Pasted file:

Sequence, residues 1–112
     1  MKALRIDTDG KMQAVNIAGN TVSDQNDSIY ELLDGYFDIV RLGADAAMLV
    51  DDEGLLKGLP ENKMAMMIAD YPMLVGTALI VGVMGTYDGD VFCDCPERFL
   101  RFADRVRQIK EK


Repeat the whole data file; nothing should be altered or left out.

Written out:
Sequence, residues 1–112
     1  MKALRIDTDG KMQAVNIAGN TVSDQNDSIY ELLDGYFDIV RLGADAAMLV
    51  DDEGLLKGLP ENKMAMMIAD YPMLVGTALI VGVMGTYDGD VFCDCPERFL
   101  RFADRVRQIK EK